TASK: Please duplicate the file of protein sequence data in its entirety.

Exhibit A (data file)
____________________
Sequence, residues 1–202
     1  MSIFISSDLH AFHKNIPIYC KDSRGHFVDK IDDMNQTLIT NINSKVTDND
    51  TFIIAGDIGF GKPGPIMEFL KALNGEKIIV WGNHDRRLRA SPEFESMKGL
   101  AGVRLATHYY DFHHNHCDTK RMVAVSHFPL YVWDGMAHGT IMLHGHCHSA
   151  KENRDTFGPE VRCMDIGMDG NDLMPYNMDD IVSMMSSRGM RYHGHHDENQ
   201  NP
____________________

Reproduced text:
Sequence, residues 1–202
     1  MSIFISSDLH AFHKNIPIYC KDSRGHFVDK IDDMNQTLIT NINSKVTDND
    51  TFIIAGDIGF GKPGPIMEFL KALNGEKIIV WGNHDRRLRA SPEFESMKGL
   101  AGVRLATHYY DFHHNHCDTK RMVAVSHFPL YVWDGMAHGT IMLHGHCHSA
   151  KENRDTFGPE VRCMDIGMDG NDLMPYNMDD IVSMMSSRGM RYHGHHDENQ
   201  NP